REVIEWS Commercial work and training for girls—By JEANETTE Eaton and BERTHA

M. STEVENS. New York: The Macmillan Company. 1915. 289 p. $1.50

The material for this book was gathered and put into form under the auspices of The Cooperative Employment Bureau for Girls of Cleveland, Ohio. The book comes as a result of a survey undertaken to discover what care and training girls receive who plan to enter office work, whether this training is adequate, and what are the demands and the inducements for girls in the field of such work. We find here summarized the result of the labors of one field worker on full time for more than a year. This field worker had the organized but intermittent assistance of twenty-five helpers, including teachers, business women, social workers, and unemployed college women.

A very interesting presentation of facts is arrayedfacts vital, suggestive, and eminently useful. The basis upon which these facts rest may be understood by noting the many records included in the survey: an analysis and tabulation of the records of nearly fifteen hundred office girls, those of several hundred eighth-grade public school pupils, of nearly five hundred places of office employment, of thirty-three different kinds of business, of numerous employers of girls, and of many detailed records of business schools.

Those who have made even a superficial study of the afterschool records of grammar school graduates who, immediately after graduation, enter the work-shop or office, know that such pupils usually hold the lowest-grade business positions. They know, too, of unscrupulous managers of private commercial schools and of soliciting campaigns conducted by them to lure unsuspecting and ignorant youth into their nets. They know, also, that the longer a student remains in school, the better the academic and technical training, the more rapid the rise in the business world will be and the larger the remuneration. These are not new facts and we assume that they were known in Cleveland in a general way as matters of individual experience. The knowledge in this case, however, comes now from exact information obtained at first hand. The survey proves that Cleveland has her full share of private schools managed for personal revenue only, and that such schools receive poorly prepared girls and that they give inefficient training.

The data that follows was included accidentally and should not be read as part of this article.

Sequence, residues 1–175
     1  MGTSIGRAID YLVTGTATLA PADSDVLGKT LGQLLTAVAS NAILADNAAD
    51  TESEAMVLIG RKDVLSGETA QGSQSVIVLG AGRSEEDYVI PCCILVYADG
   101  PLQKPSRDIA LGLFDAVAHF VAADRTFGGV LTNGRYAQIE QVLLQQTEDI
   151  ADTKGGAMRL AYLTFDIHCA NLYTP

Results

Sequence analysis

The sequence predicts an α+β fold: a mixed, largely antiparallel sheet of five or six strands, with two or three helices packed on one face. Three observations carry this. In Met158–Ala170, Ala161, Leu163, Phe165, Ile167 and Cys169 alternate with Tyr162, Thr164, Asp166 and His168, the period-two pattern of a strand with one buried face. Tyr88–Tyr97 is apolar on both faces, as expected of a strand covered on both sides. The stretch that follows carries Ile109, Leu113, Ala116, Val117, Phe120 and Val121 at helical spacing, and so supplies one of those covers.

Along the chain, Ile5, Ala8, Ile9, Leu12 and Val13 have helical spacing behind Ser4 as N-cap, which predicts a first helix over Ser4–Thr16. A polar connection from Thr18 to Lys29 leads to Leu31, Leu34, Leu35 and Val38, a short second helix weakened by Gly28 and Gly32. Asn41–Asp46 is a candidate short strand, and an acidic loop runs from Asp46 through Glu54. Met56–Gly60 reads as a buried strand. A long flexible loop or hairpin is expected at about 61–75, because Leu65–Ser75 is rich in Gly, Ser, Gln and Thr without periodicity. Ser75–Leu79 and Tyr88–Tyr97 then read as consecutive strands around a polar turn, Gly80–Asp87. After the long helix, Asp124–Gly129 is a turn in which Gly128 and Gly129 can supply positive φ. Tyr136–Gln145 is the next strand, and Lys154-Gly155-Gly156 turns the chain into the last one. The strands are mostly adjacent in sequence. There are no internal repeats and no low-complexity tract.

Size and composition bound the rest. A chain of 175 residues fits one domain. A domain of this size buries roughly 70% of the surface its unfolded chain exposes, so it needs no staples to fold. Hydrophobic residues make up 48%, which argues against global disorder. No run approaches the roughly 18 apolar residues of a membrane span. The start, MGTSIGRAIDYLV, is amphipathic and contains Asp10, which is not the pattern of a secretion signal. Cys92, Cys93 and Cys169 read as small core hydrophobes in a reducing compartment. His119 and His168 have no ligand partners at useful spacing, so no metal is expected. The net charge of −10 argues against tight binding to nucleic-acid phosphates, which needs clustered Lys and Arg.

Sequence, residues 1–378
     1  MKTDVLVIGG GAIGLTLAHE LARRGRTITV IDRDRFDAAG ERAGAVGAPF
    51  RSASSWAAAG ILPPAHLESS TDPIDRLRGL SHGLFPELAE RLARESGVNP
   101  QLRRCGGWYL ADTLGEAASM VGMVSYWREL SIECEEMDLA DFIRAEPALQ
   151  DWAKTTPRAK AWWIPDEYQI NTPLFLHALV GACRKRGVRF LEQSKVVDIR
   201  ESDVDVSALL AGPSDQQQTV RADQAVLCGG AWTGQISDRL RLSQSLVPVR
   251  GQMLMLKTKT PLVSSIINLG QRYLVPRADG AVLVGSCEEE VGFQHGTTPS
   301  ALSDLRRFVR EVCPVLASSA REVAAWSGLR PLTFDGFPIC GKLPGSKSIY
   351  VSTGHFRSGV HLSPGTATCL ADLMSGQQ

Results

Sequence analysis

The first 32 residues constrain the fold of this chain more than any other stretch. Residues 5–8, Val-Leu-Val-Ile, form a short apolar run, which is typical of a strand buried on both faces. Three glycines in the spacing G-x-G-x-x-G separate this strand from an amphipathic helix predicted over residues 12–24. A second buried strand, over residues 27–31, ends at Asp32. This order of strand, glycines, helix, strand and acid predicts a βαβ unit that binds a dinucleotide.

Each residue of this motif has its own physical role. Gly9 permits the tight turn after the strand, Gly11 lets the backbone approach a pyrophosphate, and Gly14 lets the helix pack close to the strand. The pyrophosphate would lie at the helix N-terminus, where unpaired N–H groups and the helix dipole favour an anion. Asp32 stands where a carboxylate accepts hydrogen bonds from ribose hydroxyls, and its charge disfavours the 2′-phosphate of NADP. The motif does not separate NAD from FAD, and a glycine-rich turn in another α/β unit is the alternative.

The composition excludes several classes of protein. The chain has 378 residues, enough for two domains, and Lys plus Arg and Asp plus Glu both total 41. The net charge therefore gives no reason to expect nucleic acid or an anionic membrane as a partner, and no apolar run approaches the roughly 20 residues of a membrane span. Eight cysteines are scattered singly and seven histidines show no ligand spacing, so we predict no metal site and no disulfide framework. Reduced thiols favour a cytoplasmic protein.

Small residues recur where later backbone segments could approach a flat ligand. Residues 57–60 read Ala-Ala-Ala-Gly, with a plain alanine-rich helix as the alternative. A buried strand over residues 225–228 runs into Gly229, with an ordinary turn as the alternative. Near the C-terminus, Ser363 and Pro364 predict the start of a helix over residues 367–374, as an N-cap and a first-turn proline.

Facts have been educed that apply to all instruction in commercial branches, the chief fact being the need of greater preparation in English of prospective office assistants. Another fact is that there should be greater maturity before office work is undertaken by girls. Eighteen years is placed as the minimum desirable age. A plea for the better management of the night commercial schools follows the charge of failure of the public night schools to cover this field of instruction adequately. Incidentally, there is a declaration in favor of the "six-three-three” plan because “it gives scope for trying out tendencies, bridges the gap between elementary and high schools, and postpones the students' final choice of vocational training.” The human interest is supplied by the recital of personal incidents in the life of office girls, incidents both humorous and pathetic. The “snapshots of superintendents and the teaching force in the private commercial schools” make spicy reading.